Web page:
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The Hill

Bob's family had just moved into Hillville. They spent the whole first day unpacking. The next morning Bob went out early to explore his new neighborhood. At the end of the block, he found two boys playing catch. Soon the three of them were chatting.

"What's there to do around here?" Bob asked.

"Well," one of the boys began, "there's the movie over on Center Street. And the ball field. And ..."

The other boy nudged him in the ribs. "Hey, Chuck, you forgot the Hill." Both boys began to giggle.

"What's so funny?" Bob asked.

"Come on over with Ernie and me," Chuck said, "and you'll see."

All the way over to the Hill, which stood just outside of the little town, Chuck and Ernie kept bursting into peals of laughter. But they wouldn't say anything about the Hill.

"Okay," said Chuck when they reached the foot of the Hill. "Now climb it!"

When Bob was halfway up he turned around and looked back. Chuck and Ernie were still standing at the bottom of the Hill. Their eyes were opened wide, and their mouths were gaping in amazement. "What are you doing?" Chuck gasped.

"I'm climbing the Hill," Bob shrugged. "Come on up." Chuck and Ernie started toward him. Then at a certain point near the bottom of the Hill, they could come no farther. Though their legs moved up and down and they strained toward Bob, they could not move any closer.

Bob raced down to meet Chuck and Ernie.

"Nobody has ever been able to climb this hill!" Chuck exclaimed. "Nobody even knows what's on top. See how misty it looks up there?

When airplanes fly over, all they can see is fog."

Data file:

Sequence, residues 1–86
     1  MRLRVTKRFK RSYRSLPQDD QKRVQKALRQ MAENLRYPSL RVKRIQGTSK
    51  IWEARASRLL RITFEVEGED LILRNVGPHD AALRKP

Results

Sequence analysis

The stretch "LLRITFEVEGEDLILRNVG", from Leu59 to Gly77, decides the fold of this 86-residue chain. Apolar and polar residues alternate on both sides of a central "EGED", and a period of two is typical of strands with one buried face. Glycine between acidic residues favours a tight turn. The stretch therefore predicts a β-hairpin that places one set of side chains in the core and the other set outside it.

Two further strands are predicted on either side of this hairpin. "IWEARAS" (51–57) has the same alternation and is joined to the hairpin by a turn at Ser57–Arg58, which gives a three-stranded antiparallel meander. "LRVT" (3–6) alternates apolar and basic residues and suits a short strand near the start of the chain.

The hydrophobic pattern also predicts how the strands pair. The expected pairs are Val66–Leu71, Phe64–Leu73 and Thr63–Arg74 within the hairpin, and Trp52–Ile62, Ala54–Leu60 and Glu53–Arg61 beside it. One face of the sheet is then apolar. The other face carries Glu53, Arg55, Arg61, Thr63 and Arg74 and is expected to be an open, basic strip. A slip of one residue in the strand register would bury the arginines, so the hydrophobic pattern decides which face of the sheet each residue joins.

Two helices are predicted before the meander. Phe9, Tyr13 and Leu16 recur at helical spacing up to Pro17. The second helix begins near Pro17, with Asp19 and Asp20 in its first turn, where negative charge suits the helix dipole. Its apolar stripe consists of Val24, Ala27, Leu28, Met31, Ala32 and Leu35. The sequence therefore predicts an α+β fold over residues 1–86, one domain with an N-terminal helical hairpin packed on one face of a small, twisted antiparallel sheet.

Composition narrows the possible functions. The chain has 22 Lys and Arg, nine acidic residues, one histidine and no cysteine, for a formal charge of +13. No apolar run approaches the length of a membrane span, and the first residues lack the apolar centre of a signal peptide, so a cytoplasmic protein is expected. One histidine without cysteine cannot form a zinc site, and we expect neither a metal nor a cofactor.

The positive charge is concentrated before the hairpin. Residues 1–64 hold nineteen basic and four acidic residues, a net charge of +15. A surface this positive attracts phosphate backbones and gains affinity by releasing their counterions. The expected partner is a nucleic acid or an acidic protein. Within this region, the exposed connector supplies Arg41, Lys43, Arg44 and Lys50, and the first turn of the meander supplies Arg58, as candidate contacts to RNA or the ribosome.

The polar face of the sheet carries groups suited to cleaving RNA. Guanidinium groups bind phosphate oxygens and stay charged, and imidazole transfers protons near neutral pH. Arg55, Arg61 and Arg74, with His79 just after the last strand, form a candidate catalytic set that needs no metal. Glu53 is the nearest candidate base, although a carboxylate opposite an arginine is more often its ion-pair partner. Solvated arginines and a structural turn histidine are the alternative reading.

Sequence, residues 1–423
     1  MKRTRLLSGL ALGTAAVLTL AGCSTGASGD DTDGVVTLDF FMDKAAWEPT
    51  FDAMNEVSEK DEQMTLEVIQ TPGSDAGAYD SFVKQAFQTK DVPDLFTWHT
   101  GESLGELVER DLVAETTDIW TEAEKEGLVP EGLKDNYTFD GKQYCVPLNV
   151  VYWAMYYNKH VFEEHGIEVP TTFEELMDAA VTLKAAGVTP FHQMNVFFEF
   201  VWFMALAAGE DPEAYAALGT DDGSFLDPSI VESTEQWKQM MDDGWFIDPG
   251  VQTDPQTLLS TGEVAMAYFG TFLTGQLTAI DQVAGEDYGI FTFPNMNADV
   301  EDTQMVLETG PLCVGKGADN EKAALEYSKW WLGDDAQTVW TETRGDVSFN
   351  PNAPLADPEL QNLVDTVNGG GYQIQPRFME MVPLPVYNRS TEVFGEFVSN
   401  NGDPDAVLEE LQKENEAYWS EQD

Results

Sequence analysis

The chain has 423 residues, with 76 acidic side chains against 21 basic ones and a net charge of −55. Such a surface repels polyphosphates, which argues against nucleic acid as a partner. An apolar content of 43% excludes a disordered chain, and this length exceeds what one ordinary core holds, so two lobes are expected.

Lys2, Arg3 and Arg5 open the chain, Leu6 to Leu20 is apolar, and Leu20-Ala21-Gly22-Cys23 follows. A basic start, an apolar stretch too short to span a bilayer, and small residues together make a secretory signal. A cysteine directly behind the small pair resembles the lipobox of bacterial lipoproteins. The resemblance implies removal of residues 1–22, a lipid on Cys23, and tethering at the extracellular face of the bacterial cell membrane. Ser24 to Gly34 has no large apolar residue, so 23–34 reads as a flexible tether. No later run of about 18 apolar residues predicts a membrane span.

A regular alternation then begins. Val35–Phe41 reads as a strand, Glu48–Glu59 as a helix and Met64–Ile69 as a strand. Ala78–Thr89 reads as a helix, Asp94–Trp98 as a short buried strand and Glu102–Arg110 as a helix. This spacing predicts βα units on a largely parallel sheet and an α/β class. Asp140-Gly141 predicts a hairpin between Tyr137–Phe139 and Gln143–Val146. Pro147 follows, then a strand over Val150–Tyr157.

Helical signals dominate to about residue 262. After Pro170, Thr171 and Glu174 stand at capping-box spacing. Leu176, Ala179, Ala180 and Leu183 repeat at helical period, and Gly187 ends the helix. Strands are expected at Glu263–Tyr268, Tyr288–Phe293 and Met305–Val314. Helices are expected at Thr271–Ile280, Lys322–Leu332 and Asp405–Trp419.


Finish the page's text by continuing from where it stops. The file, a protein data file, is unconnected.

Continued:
"Yeah," Ernie chimed in. "That's why they call the town Hillville -- because of this hill."

"Let's see you do it again," Chuck challenged.

Bob turned around and started up the Hill again. This time he did not turn around. He climbed higher and higher. As Chuck and Ernie watched, he disappeared into the mist.

For hours they waited for him to come down again. But Bob did not appear. Worried, they turned and raced back to town. Word spread quickly in Hillville that someone had climbed the unclimbable Hill. Soon a large crowd gathered at the foot of the Hill.

Bob's parents tried again and again to force their way up the hill after their son. But they could not move an inch closer. There was nothing they could do but wait and hope. They watched and waited. Through the night they waited.

The next morning TV cameras arrived. Helicopters hovered overhead, but they could not see anything.

Official cars arrived from all directions. State police surrounded the area. The Governor put the militia on standby alert. The President demanded a briefing and was astonished that no one on his staff had known about the Hill until that very day. Scientists and military men worked out plans for testing the strange force on the Hill with every kind of instrument known.

Back at the Hill, the sheriff of Hillville grew suspicious. He went over to Chuck and Ernie and confronted them angrily. "Are you sure you're not making all this up?" the sheriff asked the boys. "If you are, you're going to be in a lot of trouble."

"Honest," Ernie cried, "he really did climb the Hill." "He went right up that way," Chuck pointed.

As the sheriff looked up in the direction of Chuck's pointing finger, there was a murmur from the crowd. He squinted and looked harder. Was that a flash of light at the edge of the mist? Something white appeared and grew larger.

A shout went up. It was Bob! He was coming down the Hill at last. He looked all right. In fact, he was wearing fine new clothes, and he was carrying a bulging bag. The reporters and cameramen gathered around him. "What happened? What's up there?" they asked.

But Bob just smiled and shook his head. He showed them the treasures he had brought back with him -- a little gold train that ran around a track of silver wire, an ark with tiny animals perfectly carved from precious stones -- but he would not say what he had seen on top of the hill. "They said that these are the rewards for the one who dared to try the impossible," he said. But he would not tell even his parents who "they" were.

"Hey," shouted one of the townspeople, "let's go up and find out ourselves. If he climbed the hill, we can too! "

There was a sudden surge of people bursting up the hill, eager to claim their own rewards. And this time, there was no barrier. The people ran up the hill, and as they reached the mists, they cleared. Everyone could see the top of the hill plainly now. And -- there was nothing there at all.





©1973, 2013 The Silversteins